More importantly, the topic is no longer seen as taboo in Turkey, where a growing number of civil-society representatives openly question the official Turkish line. "The genocide allegations have now become an international political issue," Mehmet Ali Birand, a prominent Turkish journalist and a proponent of the denial policy, wrote in the "Turkish Daily News" on 16 April. "It is almost impossible to prove we are in the right by producing photos and documents."

So are the Armenians finally close to securing a universal acceptance of their tragedy after investing so much energy and so many resources in the endeavor? "I wouldn't say we are close," said Van Krikorian, the former chairman of the Armenian Assembly of America, a lobbying group that has for decades been fighting for genocide recognition.

Krikorian argues that the United States and other world powers have their own national interests and foreign-policy goals that they will never subordinate to the Armenian cause. Their "trade-offs" with Turkey have already left the Armenians empty-handed in the past, he said.

"I think one lesson we have learned from history is that international recognition is important but can not be counted on for long," he explained. "Efforts at international recognition, in my opinion, do not really get Armenians to where they need to be unless they can also get Turkish recognition."

While Turkey's ruling establishment and mainstream media continue to flatly deny the genocide, they are clearly tolerating growing domestic discussion of the sensitive subject that is exposing ordinary Turks to facts hitherto hidden from them. One of Turkey's most famous novelists, Orhan Pamuk, shocked many of his countrymen when he admitted in a recent newspaper interview that at least 1 million Armenians were wiped out in the dying years of the Ottoman Empire.

Another Turkish writer, Fethiye Cetin, caused a similar stir with a book that presented her ethnic Armenian grandmother's harrowing accounts of Ottoman soldiers slaughtering Armenian men in her native village and forcing their wives and children on a death march to the Syrian desert.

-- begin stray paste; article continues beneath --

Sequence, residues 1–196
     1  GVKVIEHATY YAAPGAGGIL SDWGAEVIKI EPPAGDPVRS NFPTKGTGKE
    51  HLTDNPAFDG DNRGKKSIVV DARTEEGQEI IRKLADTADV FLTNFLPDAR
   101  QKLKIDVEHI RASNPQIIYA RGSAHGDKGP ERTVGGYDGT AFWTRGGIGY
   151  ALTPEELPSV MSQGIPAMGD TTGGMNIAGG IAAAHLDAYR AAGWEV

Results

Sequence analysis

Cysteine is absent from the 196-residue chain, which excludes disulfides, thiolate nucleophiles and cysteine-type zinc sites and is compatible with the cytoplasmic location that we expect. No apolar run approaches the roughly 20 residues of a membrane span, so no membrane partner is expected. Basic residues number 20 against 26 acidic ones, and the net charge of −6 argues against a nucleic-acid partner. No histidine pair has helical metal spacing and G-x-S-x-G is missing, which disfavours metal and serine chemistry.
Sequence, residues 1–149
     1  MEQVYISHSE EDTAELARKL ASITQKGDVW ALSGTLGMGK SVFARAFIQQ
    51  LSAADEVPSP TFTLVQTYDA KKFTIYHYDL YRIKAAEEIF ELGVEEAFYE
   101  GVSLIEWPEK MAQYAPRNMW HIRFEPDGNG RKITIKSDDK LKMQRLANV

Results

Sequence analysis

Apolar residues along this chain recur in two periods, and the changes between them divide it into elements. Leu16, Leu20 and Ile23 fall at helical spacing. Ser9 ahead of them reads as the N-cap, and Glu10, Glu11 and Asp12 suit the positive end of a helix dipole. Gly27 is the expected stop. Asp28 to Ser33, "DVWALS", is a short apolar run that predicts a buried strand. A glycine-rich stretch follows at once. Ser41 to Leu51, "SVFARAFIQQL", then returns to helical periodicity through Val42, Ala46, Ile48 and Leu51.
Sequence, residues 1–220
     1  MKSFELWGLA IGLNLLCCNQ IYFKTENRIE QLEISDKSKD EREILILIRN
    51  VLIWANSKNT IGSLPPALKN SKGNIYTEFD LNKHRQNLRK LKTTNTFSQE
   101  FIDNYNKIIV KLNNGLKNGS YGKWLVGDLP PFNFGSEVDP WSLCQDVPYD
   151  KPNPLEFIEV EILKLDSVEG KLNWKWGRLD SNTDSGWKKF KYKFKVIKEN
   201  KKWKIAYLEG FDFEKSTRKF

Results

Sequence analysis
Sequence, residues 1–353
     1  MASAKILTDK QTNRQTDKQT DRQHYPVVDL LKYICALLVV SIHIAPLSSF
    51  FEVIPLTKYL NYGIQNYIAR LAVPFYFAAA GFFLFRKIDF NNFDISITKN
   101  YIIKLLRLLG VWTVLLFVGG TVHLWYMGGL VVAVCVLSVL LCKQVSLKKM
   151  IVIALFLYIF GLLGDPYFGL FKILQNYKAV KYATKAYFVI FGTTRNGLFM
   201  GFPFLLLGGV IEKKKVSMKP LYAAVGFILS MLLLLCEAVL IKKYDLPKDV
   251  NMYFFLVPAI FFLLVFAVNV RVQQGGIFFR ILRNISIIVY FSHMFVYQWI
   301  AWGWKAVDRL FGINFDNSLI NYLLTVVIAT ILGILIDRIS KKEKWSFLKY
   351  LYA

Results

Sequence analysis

Writing in the pro-establishment "Turkish Daily News" on 17 April, columnist Elif Safak described how elderly women in her family feared openly talking about their fond memories of their erstwhile Armenian neighbors. "We need to listen to the suppressed memories of the Turkish grandmothers," Safak concluded. "For, unlike the Turkish nationalists who keep reacting against every critical voice in civil society by systematically propagating collective amnesia, these elderly women do remember."

Equally unusual was the participation of three Turkish scholars in an international conference in Yerevan dedicated to the 90th anniversary of the start of the genocide. "Without recognition of the genocide, there can be no solution for Turkey on its path toward the European Union and in its relations with Armenia," one of them, Taner Akcam, said in a speech.

David Phillips, a U.S. scholar who chaired the former Turkish-Armenian Reconciliation Commission (TARC), sees very important changes in Turkish society. "Five years ago, you couldn't raise Armenian issues in any circles of Turkey and get any Turk to respond," he said in a recent RFE/RL interview. "Now it's a constant topic of conversations not only among civil society groups but among Turkish officials."

Official Ankara proposed to Yerevan in March to form a Turkish-Armenian commission of historians who would look into the 1915 massacres and determine whether they were indeed a genocide. The Armenian government rejected the idea, saying the genocide is a proven fact that cannot be called into question. Most Armenian observers believe that the Turkish offer was aimed at offsetting the worldwide commemorations of the genocide anniversary. There are also those who see encouraging signs in the move.

Krikorian, for example, feels that the Turkish government for the first time indicated its readiness to admit that "their historians may not be right and that there might have been a genocide." "I thought it was a kind of signal," he said. "There are clearly policy changes in Turkey."

Fear of Armenian territorial and financial claims is widely seen as a major factor behind the Turkish denial policy. The Armenian position on the issue is rather ambiguous. The authorities in Yerevan say that they recognize Armenia's existing border with Turkey and have no intention to seek any reparations from the latter. "We are not talking about compensations, this is only about a moral issue," President Robert Kocharian told Russian television on 23 April.

However, influential nationalist groups in Armenia and the diaspora, notably the Armenian Revolutionary Federation (Dashnaktsutiun), want Yerevan to keep the door open for future territorial claims. Earlier this month Dashnaktsutiun condemned the Bush administration for allegedly trying to have the Turks acknowledge the genocide "without any consequences."

Critics point out, however, that none of the genocide resolutions adopted by about two dozen countries to date calls for any consequences. They say Dashnaktsutiun itself welcomed a 1987 resolution by the European Union that stressed that "neither political nor legal or material claims against present-day Turkey can be derived from the recognition of this historical event as an act of genocide."

The controversy highlights a lack of debate in Armenia and the diaspora on what exactly would constitute international recognition of the genocide and what should follow it.